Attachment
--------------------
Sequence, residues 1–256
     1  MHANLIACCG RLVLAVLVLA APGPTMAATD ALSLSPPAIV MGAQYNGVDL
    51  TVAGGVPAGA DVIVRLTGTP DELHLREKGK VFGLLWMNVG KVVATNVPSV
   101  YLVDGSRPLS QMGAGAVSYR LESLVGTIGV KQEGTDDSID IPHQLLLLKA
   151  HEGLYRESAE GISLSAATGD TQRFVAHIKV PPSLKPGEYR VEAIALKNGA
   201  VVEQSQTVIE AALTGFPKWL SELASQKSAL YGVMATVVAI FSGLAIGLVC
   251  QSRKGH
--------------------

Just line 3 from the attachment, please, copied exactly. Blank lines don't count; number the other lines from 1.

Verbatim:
    51  TVAGGVPAGA DVIVRLTGTP DELHLREKGK VFGLLWMNVG KVVATNVPSV